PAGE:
Virgil has, indeed, admitted Fame as an actress in the Eneid; but the part the acts is very short, and none of the most admired circumstances in that divine work. We find in mock-heroick poems, particularly in the Dispensary and the Lutrin; several allegorical persons of this nature; which are very beautiful in those compofitions, and may perhaps be used as an argument, that the authors of them were of opinion, such characters might have a place in an epick work. For my own part, I Naould be glad the reader would think fo, for the sake of the Poem I ain now examining; and must further add, that, if such empty unsubftantial beings may be ever made use of on this occasion, never were any more nicely imagined, and employed in
more proper actions, than those of which I am now speaking
Another principal actor in this Poem is the great Enemy of mankind. The part of Ulysses in Homer's Odyley is very much admired by Aristotle, aş perplexing that fable with very agreeable plots and intricacies; not only by the many adventures in his voyage, and the subtilty of his behaviour, but by the various concealments and discoveries of his person, in several parts of that poem. But the crafty being, I have now mentioned, makes a much longer voyage than Ulysses; puts in practice many more wiles and stratagems, and hides himself under a greater variety of shapes and appearances; all of which are severally detected, to the great delight and surprise of the reader. We may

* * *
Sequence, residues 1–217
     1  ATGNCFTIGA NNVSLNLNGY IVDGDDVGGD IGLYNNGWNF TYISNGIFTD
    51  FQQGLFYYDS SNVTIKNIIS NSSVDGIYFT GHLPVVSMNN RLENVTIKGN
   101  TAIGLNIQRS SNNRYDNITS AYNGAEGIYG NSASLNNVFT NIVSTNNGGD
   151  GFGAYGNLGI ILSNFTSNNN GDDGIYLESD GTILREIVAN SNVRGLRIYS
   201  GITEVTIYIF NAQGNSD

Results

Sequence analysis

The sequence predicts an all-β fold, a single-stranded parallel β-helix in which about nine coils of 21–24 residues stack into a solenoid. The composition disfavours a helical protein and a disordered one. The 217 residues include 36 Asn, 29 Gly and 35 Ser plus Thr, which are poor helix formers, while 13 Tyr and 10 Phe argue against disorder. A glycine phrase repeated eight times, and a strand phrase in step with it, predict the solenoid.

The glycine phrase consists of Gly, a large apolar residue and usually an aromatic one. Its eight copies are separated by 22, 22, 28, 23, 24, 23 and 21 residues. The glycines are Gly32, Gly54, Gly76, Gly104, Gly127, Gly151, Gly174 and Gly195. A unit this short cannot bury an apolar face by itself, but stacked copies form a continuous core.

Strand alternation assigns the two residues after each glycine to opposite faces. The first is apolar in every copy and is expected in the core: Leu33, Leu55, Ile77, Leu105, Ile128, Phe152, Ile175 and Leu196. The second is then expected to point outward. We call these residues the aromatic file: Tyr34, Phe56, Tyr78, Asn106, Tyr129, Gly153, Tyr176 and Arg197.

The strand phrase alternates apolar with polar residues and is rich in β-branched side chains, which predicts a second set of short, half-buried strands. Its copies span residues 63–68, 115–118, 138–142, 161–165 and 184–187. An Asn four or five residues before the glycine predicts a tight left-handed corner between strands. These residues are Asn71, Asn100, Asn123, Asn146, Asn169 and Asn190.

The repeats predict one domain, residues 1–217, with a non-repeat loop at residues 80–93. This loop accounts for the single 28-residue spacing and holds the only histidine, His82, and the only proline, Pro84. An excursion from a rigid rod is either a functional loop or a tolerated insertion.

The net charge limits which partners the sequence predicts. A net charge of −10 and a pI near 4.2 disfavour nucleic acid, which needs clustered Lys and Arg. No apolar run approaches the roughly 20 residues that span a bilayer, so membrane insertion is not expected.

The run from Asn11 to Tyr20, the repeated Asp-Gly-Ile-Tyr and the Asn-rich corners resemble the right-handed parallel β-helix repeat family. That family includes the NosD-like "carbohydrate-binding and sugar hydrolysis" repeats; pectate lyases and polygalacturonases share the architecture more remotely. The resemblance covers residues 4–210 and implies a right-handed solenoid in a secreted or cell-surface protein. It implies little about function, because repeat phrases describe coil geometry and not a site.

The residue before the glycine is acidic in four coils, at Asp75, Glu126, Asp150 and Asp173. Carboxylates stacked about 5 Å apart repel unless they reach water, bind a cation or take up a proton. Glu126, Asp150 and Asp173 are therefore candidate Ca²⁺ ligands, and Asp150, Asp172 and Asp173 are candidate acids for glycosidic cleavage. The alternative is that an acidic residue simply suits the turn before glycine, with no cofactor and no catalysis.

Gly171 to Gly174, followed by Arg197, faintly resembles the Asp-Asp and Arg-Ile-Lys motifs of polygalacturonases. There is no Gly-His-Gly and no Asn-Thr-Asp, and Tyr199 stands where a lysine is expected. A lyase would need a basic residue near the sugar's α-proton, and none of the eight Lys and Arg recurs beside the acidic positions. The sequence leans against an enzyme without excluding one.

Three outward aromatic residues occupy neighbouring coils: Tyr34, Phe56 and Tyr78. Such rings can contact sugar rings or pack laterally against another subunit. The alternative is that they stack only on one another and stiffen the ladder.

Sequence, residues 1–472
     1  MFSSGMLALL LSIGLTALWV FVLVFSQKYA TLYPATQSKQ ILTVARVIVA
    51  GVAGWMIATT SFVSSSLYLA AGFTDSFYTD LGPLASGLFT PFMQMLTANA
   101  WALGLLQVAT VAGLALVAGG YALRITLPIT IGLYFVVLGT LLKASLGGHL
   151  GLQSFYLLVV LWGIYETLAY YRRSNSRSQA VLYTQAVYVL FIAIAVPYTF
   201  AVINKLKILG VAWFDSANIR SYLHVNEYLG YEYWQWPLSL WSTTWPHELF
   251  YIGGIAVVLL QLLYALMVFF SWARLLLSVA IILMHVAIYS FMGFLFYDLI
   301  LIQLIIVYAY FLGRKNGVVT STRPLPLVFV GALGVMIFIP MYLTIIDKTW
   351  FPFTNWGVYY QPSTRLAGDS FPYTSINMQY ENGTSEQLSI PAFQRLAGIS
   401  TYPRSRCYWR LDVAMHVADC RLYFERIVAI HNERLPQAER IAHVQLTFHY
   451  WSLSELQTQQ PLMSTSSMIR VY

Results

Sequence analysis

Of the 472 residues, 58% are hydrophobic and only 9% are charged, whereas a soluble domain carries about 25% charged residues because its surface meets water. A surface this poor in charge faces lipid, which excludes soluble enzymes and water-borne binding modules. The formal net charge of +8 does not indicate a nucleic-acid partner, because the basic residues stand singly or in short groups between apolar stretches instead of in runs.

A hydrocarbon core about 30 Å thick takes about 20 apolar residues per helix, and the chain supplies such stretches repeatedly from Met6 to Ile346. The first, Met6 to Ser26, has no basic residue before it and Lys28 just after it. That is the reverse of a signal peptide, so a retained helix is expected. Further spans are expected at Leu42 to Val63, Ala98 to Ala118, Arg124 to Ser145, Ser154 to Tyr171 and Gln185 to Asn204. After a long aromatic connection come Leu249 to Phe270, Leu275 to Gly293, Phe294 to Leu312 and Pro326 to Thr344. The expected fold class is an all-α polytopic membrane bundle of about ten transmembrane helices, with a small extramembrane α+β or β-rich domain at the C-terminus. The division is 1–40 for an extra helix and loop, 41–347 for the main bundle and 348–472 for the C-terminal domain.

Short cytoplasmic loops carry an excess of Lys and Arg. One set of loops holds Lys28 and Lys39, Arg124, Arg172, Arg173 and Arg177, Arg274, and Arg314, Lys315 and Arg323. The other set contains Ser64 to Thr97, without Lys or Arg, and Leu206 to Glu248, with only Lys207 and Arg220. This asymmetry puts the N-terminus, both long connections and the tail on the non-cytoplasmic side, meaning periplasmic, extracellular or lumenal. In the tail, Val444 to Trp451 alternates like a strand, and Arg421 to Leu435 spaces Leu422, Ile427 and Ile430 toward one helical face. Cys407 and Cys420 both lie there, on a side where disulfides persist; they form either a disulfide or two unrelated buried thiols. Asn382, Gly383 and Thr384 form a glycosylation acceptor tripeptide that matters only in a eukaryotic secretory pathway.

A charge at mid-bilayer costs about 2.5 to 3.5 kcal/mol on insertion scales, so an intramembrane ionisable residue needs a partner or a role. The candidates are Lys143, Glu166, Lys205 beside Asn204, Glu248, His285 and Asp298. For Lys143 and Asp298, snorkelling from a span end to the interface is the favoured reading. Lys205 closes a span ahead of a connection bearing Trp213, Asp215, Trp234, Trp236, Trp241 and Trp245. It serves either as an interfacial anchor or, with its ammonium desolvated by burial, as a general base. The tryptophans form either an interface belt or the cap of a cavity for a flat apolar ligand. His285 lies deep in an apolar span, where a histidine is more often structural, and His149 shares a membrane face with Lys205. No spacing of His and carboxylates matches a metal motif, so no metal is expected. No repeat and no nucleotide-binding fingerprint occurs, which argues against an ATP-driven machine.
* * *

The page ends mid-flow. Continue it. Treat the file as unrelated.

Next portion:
likewise observe with how much art the poet has varied several characters of the persons, that speak in his infernal assembly. On the contrary, how has he represented the whole Godhead exerting itself towards Man in its full benevolence under the three-fold distinction of a Creator, a Redeemer, and a Comforter !
Nor must we omit the person of Raphael, who, amidst his tenderness and friendship for Man, shows such a dignity and condescension in all his speech and behaviour, as are suitable to a superiour nature. The Angels are, indecd, as much diverfified in Milton, and distinguished by their proper parts, as the gods are in Homer or Virgil. The reader will find nothing afcribed to Uriel, Gabriel, Michael, or Raphael, which is not in a particular manner suitable to their respective characters.